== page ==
A tufting machine embroiders a backing material through the interaction of needle, looper and phase. In many cases, adjustment is still carried out using eccentrics and levers, which are changed in order to set the stroke, offset and phase. The correlation between eccentric or lever position and tool parameters is not recorded, so that the setting process depends to a large extent on the experience of the machine operator.

This is where T-EXDIZ comes into play. Sensors record the condition of the tufting machine quantitatively and mirror this to an Experimental Digital Twin (EDZ). The EDZ enables the user to try out and compare different settings and can optimize the parameters automatically. In addition, it assists the user in transferring the settings from the simulation to the real machine by providing intuitive instructions.

The IGF project “Development of an Experimental Digital Twin for the Analysis and Automated Adaptation of Textile Manufacturing Processes Using Tufting Technology as an Example (T-EXDIZ)” 21166 N of the Research Association Forschungskuratorium Textil e.V., Reinhardtstraße 14-16, 10117 Berlin was funded by the German Federal Ministry of Economics and Climate Protection via the AiF as part of the program for the promotion of joint industrial research and development (IGF) based on a resolution of the German Bundestag.


The movement curves of the tools, which are decisive for the tufting process, were made measurable with displacement sensors. Furthermore, the main shaft was equipped with an incremental encoder so that it could act as a reference variable for the overall system. Based on the design data of the tufting machine, a simulation model was developed that allows the motion sequence of the tools to be realistically predicted. In addition, an interface was installed with which sensor data can be read out, stored and evaluated. With the aid of this data, it is possible to evaluate the machine timing settings on the basis of data and adjust them if necessary. Previously, this required the subjective visual assessment of the machine operator. This was neither quantified, measured nor reproducible.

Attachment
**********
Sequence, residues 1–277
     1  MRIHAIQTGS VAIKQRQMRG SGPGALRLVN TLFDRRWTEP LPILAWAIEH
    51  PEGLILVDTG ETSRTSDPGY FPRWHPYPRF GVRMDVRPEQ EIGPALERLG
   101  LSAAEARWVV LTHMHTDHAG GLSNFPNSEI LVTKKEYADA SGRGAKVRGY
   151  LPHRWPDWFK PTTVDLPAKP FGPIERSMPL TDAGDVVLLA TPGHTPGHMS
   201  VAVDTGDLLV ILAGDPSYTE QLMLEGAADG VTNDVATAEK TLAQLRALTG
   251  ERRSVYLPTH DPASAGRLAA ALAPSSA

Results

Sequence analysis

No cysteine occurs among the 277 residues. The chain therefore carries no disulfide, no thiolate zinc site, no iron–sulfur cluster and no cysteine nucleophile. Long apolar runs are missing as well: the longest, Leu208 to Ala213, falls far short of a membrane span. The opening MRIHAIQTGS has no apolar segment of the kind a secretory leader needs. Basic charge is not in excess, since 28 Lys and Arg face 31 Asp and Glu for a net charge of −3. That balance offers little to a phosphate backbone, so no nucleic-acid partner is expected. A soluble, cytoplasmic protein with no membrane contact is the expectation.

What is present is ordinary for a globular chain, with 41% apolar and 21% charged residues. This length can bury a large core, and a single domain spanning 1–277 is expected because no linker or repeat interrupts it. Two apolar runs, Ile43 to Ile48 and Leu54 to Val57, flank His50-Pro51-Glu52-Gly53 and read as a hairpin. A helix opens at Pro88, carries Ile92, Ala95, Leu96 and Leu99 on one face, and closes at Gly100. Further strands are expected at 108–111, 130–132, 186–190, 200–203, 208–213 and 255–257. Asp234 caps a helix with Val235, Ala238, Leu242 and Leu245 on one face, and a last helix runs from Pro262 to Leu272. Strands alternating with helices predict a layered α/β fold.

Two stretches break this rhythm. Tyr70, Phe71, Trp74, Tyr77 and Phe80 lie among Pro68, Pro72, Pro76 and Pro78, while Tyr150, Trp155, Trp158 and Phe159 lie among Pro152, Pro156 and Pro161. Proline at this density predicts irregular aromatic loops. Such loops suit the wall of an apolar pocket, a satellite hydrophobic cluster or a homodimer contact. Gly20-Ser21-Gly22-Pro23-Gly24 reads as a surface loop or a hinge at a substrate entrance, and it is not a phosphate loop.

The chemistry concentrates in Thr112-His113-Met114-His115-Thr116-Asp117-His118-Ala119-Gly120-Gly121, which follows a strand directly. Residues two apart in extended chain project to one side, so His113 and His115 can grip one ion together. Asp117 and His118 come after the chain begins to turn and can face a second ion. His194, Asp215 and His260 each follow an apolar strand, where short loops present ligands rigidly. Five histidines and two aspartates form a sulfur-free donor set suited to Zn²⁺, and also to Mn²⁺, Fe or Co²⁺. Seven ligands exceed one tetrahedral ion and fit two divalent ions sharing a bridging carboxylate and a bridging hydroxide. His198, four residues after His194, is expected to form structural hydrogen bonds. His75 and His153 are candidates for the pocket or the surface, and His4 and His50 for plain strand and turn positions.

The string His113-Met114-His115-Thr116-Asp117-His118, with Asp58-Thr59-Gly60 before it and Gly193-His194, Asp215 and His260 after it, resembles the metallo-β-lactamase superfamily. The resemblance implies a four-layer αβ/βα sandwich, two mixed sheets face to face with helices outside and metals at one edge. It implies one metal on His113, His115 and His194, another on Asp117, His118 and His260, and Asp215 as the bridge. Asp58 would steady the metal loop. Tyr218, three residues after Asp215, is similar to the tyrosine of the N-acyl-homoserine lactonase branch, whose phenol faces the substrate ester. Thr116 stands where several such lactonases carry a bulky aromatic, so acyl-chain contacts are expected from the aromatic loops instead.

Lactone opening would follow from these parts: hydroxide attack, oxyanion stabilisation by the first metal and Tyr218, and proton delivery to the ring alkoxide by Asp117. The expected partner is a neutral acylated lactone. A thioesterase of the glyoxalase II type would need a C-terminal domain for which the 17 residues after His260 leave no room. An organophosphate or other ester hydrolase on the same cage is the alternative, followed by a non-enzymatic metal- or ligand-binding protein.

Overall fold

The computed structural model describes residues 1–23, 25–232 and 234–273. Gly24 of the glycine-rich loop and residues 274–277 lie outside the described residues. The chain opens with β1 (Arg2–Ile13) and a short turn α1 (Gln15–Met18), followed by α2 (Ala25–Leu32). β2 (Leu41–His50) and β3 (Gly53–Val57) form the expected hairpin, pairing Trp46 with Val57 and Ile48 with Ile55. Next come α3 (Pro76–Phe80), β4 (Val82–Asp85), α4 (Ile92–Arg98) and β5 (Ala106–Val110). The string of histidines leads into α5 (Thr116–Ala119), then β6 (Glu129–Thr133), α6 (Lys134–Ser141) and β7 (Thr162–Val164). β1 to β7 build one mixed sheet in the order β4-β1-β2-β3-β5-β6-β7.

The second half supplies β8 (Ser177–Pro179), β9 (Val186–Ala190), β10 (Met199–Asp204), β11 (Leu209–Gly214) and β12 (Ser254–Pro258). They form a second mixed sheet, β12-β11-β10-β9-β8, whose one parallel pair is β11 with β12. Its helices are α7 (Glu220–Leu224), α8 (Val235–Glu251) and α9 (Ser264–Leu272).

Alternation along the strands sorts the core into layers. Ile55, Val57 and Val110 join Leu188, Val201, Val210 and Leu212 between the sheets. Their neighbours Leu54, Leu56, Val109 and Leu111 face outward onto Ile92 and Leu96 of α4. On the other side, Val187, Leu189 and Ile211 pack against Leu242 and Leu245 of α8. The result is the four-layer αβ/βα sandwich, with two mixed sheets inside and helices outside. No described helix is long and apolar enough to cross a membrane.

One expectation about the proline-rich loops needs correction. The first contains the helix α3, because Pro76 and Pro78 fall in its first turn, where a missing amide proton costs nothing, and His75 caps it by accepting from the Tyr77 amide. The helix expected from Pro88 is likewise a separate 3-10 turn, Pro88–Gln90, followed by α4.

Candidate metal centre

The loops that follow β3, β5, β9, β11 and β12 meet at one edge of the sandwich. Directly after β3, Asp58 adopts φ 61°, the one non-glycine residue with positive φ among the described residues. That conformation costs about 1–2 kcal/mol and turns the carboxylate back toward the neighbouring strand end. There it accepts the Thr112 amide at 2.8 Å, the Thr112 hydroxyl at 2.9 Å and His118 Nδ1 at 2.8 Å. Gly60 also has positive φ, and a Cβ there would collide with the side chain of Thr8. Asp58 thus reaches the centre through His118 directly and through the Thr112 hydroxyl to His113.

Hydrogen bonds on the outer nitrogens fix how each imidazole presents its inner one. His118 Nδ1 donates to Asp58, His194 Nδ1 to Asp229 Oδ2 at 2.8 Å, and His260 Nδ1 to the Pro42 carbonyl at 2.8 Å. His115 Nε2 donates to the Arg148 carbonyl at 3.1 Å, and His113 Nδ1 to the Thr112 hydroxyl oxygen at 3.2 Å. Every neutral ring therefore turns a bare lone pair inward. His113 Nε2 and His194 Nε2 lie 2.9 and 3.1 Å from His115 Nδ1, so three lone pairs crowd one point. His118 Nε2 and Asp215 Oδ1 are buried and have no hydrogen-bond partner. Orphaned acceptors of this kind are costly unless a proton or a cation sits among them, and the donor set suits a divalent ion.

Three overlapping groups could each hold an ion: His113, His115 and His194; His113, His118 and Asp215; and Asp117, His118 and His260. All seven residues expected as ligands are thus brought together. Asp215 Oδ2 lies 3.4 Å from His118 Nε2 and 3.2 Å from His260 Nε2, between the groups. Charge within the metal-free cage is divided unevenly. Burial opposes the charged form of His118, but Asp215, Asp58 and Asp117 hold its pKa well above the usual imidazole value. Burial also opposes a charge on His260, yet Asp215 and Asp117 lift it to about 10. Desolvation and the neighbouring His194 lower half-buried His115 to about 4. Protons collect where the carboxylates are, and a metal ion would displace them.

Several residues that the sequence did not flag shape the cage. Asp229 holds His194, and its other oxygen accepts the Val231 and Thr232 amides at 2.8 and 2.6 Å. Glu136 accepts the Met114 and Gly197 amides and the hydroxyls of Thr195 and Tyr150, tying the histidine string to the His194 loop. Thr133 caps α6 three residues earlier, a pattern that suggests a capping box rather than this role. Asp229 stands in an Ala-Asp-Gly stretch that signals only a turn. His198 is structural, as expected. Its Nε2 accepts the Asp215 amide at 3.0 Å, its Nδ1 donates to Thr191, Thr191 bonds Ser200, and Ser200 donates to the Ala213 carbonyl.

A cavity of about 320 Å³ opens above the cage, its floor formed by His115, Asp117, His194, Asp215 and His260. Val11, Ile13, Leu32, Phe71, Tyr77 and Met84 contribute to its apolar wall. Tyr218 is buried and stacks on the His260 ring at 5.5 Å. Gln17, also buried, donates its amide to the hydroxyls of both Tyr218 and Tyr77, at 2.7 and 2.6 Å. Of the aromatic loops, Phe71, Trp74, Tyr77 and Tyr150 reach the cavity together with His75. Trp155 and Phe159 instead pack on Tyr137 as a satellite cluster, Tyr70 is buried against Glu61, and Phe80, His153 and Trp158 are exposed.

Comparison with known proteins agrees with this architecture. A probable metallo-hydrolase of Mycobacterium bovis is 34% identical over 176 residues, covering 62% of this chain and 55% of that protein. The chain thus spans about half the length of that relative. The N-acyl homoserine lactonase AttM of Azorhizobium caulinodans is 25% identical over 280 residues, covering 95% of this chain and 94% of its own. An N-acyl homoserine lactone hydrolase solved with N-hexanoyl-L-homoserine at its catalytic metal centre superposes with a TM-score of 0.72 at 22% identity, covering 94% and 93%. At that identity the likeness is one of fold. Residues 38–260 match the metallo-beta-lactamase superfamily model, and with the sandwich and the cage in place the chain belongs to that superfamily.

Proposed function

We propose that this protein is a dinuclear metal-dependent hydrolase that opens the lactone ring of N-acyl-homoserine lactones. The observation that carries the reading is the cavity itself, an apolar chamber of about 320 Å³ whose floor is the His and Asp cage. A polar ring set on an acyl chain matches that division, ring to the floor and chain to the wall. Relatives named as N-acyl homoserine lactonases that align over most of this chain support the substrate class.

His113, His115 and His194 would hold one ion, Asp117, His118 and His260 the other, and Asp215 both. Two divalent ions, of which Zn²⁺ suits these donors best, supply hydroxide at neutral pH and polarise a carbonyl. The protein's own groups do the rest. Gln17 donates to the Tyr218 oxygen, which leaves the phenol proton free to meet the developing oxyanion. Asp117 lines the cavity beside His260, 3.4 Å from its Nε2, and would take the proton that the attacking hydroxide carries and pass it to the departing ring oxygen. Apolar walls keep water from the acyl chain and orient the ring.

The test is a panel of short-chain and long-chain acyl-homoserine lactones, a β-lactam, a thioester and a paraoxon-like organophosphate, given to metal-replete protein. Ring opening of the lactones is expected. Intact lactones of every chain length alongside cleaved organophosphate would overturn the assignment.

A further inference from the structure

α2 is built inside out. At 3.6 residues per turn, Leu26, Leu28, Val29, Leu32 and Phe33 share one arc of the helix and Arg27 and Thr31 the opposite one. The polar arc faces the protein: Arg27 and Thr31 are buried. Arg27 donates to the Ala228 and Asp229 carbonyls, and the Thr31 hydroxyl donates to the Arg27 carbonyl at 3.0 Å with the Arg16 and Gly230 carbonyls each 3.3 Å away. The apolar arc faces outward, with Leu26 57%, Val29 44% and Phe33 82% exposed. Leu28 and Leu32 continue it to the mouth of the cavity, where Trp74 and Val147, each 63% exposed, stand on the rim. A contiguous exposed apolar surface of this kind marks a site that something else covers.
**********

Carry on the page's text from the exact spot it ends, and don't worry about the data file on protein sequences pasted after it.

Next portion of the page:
The combination of this work in the Experimental Digital Twin (EDZ) enables the metrological recording of mold movements, provides assistance for setting up the tufting machine and makes settings reproducible. It provides a simulation of the real machine, which is capable of representing the settings one-to-one and offers angles of view of machine parts that are not possible in reality due to, for example, the machine body. Furthermore, it is possible to either adjust settings manually in the EDZ operating panel and display the effects in a simulated manner, or to have the EDZ calculate new optimal parameter sets. These can then be transferred to the real twin, the real tufting machine, with the aid of the setup wizard.

The final report on the project is available on request.